As we continue to focus on the cost of healthcare and delivering value, there has been an ongoing interest in ordering ambulatory testing, especially regarding musculoskeletal complaints. What is driving this cost, is the volume of tests ordered and the unit price of those tests. Undoubtedly, it’s worth spending time discussing the degree of pricing; however, it is also prudent to focus on the utilization component.
In our training as clinicians, currently, there isn’t a shared “gold” standard regarding when to order musculoskeletal diagnostic imaging for patient complaints. Nor is there consistency regarding who should be requesting the tests, whether it is the primary care physician or the specialist after receiving a referral. Throughout the years, our professional societies have made numerous attempts to set guidelines and unfortunately no meaningful change has occurred.
One approach that could help improve the system is the model of audit and feedback. This method asks, “How am I doing compared to my peers, concerning ordering tests for a set of diagnoses? And how am I different from that?” A recent study in the Journal of the American Medical Association for O’Connor et al. analyzed research conducted in Australia and discovered that such auditing and feedback significantly decreased the rate of targeted musculoskeletal imaging tests ordered over 12 months compared to a control group.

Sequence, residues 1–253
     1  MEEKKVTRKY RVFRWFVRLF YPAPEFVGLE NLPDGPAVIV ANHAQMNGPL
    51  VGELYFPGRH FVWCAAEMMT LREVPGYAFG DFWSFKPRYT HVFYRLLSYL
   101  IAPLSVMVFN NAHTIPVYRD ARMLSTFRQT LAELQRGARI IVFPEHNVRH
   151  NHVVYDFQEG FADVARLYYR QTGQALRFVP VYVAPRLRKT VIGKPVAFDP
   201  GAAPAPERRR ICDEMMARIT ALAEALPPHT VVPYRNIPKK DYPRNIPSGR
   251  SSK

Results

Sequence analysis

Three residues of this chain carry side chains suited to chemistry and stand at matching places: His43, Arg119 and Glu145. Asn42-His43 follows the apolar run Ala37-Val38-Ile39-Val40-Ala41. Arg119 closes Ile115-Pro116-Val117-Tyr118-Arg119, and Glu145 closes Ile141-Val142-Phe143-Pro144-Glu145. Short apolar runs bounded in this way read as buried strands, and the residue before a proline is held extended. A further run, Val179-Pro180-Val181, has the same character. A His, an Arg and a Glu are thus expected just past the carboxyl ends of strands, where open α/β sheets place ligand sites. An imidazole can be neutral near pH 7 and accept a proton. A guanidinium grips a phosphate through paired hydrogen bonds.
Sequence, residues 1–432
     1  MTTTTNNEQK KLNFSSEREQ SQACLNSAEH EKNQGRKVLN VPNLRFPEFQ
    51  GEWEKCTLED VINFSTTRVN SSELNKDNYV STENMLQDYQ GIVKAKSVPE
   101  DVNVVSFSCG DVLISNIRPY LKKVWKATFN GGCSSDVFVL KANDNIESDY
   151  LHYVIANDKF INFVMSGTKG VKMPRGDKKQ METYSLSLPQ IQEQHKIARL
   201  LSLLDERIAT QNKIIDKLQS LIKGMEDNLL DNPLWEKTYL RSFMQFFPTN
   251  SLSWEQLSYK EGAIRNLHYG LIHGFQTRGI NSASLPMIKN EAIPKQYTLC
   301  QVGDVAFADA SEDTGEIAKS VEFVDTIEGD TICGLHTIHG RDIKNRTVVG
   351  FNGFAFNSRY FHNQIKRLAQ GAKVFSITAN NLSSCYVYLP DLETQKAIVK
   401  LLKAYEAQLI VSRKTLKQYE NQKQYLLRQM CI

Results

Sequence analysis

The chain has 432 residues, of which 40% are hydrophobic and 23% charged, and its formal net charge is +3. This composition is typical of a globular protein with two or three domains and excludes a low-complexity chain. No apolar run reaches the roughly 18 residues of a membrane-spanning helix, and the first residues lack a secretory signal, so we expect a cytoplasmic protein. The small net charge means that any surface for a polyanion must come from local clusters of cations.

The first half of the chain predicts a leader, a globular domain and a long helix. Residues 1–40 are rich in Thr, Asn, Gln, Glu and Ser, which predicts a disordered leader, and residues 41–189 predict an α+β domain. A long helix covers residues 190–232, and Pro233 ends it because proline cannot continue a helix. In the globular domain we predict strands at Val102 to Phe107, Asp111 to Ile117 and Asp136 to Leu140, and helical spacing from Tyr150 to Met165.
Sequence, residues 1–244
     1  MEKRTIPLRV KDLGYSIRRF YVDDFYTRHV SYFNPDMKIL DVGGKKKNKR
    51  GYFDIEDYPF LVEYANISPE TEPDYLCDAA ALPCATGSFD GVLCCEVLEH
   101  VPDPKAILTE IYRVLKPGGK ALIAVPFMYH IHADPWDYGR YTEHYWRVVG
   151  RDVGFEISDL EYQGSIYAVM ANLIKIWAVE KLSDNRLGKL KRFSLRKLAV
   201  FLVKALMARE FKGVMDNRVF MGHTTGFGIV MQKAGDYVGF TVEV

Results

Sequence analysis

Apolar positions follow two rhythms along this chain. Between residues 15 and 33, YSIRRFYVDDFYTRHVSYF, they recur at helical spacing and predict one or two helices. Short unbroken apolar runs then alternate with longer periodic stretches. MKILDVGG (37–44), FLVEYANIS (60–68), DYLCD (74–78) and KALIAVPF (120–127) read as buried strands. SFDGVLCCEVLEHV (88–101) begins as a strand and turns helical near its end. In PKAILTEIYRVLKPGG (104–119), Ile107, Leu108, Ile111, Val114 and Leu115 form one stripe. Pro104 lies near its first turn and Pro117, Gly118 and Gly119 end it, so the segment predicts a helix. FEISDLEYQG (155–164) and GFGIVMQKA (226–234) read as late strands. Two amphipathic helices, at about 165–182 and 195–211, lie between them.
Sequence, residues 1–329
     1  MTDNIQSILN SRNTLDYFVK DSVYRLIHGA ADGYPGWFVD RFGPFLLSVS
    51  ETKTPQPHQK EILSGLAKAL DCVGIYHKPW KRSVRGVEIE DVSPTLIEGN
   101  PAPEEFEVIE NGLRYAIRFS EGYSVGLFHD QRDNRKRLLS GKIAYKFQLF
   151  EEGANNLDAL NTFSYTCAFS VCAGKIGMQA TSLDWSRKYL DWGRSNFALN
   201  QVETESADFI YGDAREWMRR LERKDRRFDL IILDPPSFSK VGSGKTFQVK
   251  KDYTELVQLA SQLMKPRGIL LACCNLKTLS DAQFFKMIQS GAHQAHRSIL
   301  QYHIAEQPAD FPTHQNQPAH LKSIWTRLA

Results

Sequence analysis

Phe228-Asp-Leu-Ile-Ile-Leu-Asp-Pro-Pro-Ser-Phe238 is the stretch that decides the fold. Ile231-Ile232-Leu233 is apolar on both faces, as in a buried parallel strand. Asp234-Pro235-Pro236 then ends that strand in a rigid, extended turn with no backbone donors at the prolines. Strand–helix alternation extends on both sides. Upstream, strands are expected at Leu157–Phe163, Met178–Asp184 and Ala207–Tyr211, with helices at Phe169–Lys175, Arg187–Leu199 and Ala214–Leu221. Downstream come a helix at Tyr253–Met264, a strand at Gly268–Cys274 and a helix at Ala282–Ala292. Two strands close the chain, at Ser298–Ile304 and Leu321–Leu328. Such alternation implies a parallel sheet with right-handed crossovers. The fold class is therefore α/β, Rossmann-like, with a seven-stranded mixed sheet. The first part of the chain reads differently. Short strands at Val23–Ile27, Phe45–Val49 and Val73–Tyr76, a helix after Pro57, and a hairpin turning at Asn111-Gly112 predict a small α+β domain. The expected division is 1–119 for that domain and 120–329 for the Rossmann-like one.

The intervention was a letter that stated the variation and shared the information needed that might improve outcomes. Furthermore, this letter originated from the country’s Chief Medical Officer, consequently highlighting an interesting dynamic. Does it matter who the sender is who shares the information? Here in the United States, we usually obtain similar information from the insurance companies on the lives they manage, which also creates an interesting scenario. For instance, we do not know if this is just for cost-cutting measures, a sample size problem, or if the information provided is genuinely in the clinical best interest of those the clinician serves versus the financial interests of the payer. And though they will provide guidelines, our medical societies do not seek to be the enforcers.
If we genuinely seek to drive our destiny as clinicians, we must take ownership of monitoring ourselves. As healthcare professionals, we are obligated to assist each other in improving and adjusting for the betterment of all, including improving costs. If we do not worry about the affordability of what we deliver to those we serve, we are causing more harm, both financially and to their care, since it can drive people to make unfortunate choices.
Let’s take the lead and work with each other, including steering our peers toward better decisions. No doubt we can do so; the question is, do we have the stomach? Clinically Integrated Networks have taken on this role and have made a meaningful change. However, not all clinicians are part of such networks, and not all networks have the data to share. It may be prudent to consider stepping back. Let’s stop focusing on shiny objects such as artificial intelligence and instead, concentrate on the areas that are easier to accomplish – creating clearinghouses of information to share with our professional societies, who have the ability to influence us in a more meaningful way. Unquestionably, we do listen to our peers and are naturally highly competitive. Let us capitalize on those facts in a manner that benefits all.